During the past decade, many towns and cities in Texas have experienced unprecedented growth. In 2015, the Cities of Georgetown and New Braunfels were the fastest growing cities in the United States at growth rates of 7.8% and 6.6%, respectively. Last year, the Town of Prosper’s growth rate was over 11%!
A new 1500–acre mixed-use golf course community is being master planned by LandPlan Development in the southeastern most quadrant of Prosper. This new development, known as Brookhollow, may add over 11,000 new residents to Proper’s current population of 17,800! Therefore, strategic water and wastewater infrastructure planning and implementation is crucial for Prosper to thrive.
Walker Partners was chosen to conduct a wastewater feasibility study to meld the Town of Prosper’s Capital Improvement Program and the City of McKinney’s Wastewater Master Plan to LandPlan’s Master Development Plan. As a part of this study, peak wet weather wastewater flows generated from the “ultimate” build-out from the new Brookhollow development were combined with the “ultimate” build-out flows of the Town as calculated in Prosper’s Master Plan. Next, four alternative pipeline routes were analyzed in order to determine the most economically feasible option which would expand Prosper’s existing service area and would complement the design and layout of the Brookhollow development. These four alternative alignments and accompanying benefit-cost analyses were compiled in our “Preliminary Engineering Report” (PER) and summarized with our clearly identified recommended solution.
Both the Town of Prosper and LandPlan Development concurred with our recommendation, and subsequently authorized Walker Partners to proceed into the preliminary and final design phases for the identified Project. Five clear, distinct challenges were identified in the PER and had to be acted on swiftly in order to meet the development schedule of LandPlan:
- The new interceptor would connect into the North Texas Water Municipal District’s (NTWMD) regional sewerage system and therefore a permit had to be obtained to tie onto their system.
- The new interceptor would have to cross the City of Irving’s 66–inch Raw Water Transmission Main and consequently, written approval had to be obtained from Irving.
- Approximately 600 feet of the proposed interceptor would have a bury depth in excess of 40 feet, half of which would be parallel and adjacent to Custer Road and the remaining half beneath an existing cemetery (Walnut Grove Cemetery).
- The new interceptor would have to cross Wilson Creek – an environmentally sensitive creek characterized by steep side slopes, a limestone rock bottom, and crystal-clear, year-round flows. One of the primary conditions of the easement granted by a private landowner to cross Wilson Creek was that no trenching (open excavation) could occur within the creek banks.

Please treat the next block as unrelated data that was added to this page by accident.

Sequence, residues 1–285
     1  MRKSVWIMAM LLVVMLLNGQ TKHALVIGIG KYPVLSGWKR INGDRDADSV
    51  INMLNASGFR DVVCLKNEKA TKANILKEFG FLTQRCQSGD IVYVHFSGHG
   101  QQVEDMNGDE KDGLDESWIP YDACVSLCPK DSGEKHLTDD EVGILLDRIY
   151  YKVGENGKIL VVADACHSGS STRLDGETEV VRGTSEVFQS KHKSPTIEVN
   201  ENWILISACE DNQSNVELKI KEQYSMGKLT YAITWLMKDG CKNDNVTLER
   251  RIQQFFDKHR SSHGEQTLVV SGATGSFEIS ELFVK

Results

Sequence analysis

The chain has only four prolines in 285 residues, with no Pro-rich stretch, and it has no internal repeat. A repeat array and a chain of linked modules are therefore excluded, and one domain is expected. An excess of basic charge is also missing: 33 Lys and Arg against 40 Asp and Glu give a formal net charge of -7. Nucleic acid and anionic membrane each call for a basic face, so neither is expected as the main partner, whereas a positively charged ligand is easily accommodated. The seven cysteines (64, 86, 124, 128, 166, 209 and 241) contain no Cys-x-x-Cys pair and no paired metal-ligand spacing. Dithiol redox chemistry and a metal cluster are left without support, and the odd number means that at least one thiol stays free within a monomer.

- Wilson Creek is very deep and wide and it conveys very high stormwater flowrates during and following rainfall events; consequently, an aerial crossing would have to be designed to not only span the width of the creek, but to withstand the forces generated by the high flow velocities of the runoff conveyed by the Creek.
Perhaps Walker Partners’ greatest value to our Clients for this Project was to bring swift consensus, concurrence, and approval from all parties in an open and friendly manner. Our positive professionalism steadied the negotiations with the Cemetery in order to cross the Cemetery with a 24–inch diameter sanitary sewer. Likewise, our steadfast commitment to our Clients guided us to secure approvals from the City of Irving and NTWMD within 60 days!
Walker Partners’ passion for excellence and unsurpassed expertise with large diameter pipeline construction was our foundation for our innovative, yet cost effective, design of the Wilson Creek aerial crossing. Our attention to detail, coupled with our strategic methodology to bid the “deep” cuts by either open excavation or by way of bore and encasement, allowed the contractors great flexibility in their bidding. At the end of the day, it was the Town of Prosper and LandPlan who reaped the benefits of Walker Partner’s dedication, commitment, and depth of experience when the Project was completed for $3,243,745, or 12% below the Owners’ budgets, without a single change order!
Walker Partners is working with the City of Gatesville to obtain State Revolving Funds (SRF) from the Texas Water Development Board (TWDB) for the plant expansion. We are coordinating and submitting the major amendment to the WWTP’s TPDES Permit to TCEQ.
The WWTP is an extended aeration facility currently rated for 2.2 MGD. Walker Partners completed a process evaluation and capacity rerate that supports an expansion without causing more restrictive permit limits and higher construction costs. This defers approximately $2 - $3 million dollars in expenditures for the City.
completion date: 2008
location: prosper, Tx